Early starts, timetables, maths… School days can be challenging, but if your child has MS then navigating the education system can take on a whole new dimension for you both.
First up, it’s hugely important that you speak to the school about your child’s medical condition. The symptoms of MS are variable, both from person to person but also over time, so it’s in your child’s best interest to get a plan in place long before any issues arise.
Most children with MS have only mild symptoms, however a small percentage experience symptoms that affect their daily lives. The fact that many of the symptoms of MS are invisible is all the more reason to make the school aware – we know that MS can affect energy levels and cognitive processing, for example, as well as cause vision issues. Ensure that the necessary steps are put in place to ensure your child has the support system (both emotionally and educationally) that they need.
Helping the school to help your child
MS is rare in children, so don’t be surprised if the school isn’t familiar with the disease, particularly the ways in which it could affect learning. At this stage you may find you have to teach the teachers! Go armed with a few print outs (there are helpful resources for teachers on the National Multiple Sclerosis Society website), including a list of possible symptoms that could affect your child.
All schools (in the US, at least) are legally bound to accommodate pupils’ medical needs and will liaise with your child’s teacher and a special education needs advisor accordingly. Together you can sit down and devise a management plan to ensure that MS has the least possible impact on your child’s school experience.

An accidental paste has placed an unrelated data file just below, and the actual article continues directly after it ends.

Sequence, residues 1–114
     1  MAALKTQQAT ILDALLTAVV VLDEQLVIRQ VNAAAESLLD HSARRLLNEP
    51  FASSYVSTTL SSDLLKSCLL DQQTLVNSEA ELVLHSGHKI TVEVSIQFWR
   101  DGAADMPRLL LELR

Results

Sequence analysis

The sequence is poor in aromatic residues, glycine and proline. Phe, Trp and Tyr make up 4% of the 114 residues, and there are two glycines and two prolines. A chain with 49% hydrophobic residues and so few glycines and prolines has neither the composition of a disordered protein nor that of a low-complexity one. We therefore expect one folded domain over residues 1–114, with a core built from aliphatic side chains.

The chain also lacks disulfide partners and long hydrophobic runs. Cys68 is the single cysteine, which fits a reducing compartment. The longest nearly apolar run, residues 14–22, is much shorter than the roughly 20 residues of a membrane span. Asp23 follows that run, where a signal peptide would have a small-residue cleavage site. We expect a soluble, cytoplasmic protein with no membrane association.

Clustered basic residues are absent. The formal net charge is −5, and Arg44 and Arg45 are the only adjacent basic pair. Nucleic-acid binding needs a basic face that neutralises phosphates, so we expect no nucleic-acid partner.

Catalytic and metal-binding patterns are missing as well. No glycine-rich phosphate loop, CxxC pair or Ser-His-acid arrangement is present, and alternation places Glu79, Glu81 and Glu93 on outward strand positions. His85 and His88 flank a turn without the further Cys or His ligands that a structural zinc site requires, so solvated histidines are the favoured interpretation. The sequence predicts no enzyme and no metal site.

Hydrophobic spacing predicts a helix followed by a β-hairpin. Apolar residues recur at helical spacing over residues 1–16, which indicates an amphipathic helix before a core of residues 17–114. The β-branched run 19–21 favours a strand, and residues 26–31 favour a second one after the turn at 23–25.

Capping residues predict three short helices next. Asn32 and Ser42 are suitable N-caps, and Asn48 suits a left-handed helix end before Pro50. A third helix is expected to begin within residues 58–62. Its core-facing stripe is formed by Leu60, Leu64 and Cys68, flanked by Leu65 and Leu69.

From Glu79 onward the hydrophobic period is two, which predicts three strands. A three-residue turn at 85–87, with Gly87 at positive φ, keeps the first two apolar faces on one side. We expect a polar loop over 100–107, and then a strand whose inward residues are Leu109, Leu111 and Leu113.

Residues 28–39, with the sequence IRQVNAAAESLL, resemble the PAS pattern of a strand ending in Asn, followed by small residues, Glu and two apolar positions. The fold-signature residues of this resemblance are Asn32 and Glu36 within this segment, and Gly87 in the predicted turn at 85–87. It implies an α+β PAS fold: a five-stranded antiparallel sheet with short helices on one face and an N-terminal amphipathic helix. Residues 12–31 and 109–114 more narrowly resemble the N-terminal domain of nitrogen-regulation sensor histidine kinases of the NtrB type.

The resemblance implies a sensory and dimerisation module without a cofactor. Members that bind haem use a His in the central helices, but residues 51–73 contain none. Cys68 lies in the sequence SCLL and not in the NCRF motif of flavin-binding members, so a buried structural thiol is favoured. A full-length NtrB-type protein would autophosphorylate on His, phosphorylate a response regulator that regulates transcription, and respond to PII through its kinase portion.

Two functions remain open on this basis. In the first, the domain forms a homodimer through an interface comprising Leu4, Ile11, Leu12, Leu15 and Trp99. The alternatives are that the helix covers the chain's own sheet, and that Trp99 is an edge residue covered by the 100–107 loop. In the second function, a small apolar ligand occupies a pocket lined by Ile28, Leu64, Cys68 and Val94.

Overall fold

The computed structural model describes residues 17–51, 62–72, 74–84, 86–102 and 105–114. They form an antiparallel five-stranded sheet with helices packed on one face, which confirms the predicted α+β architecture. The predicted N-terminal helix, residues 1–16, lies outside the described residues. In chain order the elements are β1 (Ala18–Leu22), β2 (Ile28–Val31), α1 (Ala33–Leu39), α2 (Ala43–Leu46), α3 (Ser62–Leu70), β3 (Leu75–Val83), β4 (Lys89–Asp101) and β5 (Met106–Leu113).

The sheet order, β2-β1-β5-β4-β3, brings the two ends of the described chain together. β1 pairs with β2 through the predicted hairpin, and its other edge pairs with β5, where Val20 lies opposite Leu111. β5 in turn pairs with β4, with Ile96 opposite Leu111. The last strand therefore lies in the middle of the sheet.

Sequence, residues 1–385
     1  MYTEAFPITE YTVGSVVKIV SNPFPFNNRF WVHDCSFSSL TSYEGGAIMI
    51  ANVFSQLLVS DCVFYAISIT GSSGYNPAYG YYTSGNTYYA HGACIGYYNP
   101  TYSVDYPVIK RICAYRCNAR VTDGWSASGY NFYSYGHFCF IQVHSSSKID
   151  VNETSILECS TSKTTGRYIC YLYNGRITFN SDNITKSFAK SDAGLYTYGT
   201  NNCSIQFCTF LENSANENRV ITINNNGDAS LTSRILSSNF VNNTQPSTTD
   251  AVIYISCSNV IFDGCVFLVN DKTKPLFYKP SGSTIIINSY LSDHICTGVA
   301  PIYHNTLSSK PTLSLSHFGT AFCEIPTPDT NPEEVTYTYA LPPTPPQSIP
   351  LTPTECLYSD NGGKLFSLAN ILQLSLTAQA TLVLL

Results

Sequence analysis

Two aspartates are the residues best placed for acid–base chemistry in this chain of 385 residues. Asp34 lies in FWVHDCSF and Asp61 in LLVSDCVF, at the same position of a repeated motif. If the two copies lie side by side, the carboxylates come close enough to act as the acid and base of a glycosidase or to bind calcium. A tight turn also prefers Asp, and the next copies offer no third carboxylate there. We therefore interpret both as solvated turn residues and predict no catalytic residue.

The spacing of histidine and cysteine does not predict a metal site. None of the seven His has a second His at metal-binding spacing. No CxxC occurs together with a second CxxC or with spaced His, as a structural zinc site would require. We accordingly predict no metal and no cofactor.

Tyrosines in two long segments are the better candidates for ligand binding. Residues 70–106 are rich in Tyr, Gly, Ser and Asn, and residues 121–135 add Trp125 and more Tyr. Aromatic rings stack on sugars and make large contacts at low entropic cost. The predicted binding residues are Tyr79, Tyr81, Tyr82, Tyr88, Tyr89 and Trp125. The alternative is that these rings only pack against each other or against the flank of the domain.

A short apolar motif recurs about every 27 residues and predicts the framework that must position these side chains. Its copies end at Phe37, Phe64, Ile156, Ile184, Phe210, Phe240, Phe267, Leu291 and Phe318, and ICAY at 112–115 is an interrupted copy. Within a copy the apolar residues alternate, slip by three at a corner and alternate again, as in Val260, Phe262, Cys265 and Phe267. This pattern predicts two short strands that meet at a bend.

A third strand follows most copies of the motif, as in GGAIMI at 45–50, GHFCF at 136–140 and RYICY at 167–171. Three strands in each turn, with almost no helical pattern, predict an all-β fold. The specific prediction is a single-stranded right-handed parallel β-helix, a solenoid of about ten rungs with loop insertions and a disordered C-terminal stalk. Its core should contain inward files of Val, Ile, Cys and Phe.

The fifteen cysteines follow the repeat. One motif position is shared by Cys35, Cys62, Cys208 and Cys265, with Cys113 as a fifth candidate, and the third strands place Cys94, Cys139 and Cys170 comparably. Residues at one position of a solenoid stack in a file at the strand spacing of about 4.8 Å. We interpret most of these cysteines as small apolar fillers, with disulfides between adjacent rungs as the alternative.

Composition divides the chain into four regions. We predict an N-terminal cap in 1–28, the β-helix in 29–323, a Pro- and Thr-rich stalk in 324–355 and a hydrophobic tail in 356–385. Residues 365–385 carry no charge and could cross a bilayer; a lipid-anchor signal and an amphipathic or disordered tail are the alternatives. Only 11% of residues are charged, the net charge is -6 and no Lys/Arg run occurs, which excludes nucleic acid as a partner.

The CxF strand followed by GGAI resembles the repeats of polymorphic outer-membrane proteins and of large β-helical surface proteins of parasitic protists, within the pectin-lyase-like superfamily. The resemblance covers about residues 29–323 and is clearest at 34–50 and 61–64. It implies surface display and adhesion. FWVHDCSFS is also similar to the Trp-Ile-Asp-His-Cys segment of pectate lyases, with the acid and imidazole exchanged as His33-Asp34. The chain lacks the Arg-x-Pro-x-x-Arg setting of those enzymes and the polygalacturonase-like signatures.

Close communication between you and the school will be key to supporting your child, so setting up a diary you can use to pass feedback between you and the staff is a good idea. This will allow the school to make day-to-day adjustments in the classroom when necessary ¬– if your child is struggling with fatigue, for example, then it may be that PE is scheduled later in the day; if concentration is an issue then shifting more challenging classes to mid-morning or just after lunch will be beneficial. If your child is experiencing difficulty with memory or concentration, allowing more time to complete tasks as well as the provision of one-on-one support in the classroom may also be helpful. Regular bathroom breaks may also be required.
Absences are to be expected, particularly for hospital appointments, so keeping the school in the loop will allow them to provide extra home learning if necessary to make sure your child doesn’t fall behind.
Of course, your child’s emotional needs are just as important as their academic ones. Living with a chronic condition like MS can feel like a huge burden for a child, while brain changes can also affect mood. Liaising closely with the school will help you to monitor your child’s behaviour closely and offer extra emotional support if they are experiencing difficulties.
Listening to your child
While it’s good to make allowances for your child, the last thing you want is for them to feel singled out. Your child may not even want their classmates to know they have a medical condition, in which case you and their teachers will need to act with discretion. You’ll also have to avoid the urge to take over – playing a supportive role in your child’s school life is one thing, being a pushy parent is another. Following your loved one’s lead is an important part of helping them to develop a sense of independence and self-esteem, so you’ll need to respect their choices.
Whether it’s acute shyness, a nut allergy, or an aversion to PE, all children face their own challenges in the classroom. Your child happens to have MS, but with good communication, planning and support, there’s no reason it should get in the way of their learning, or indeed fun. Whether or not they enjoy maths is another matter…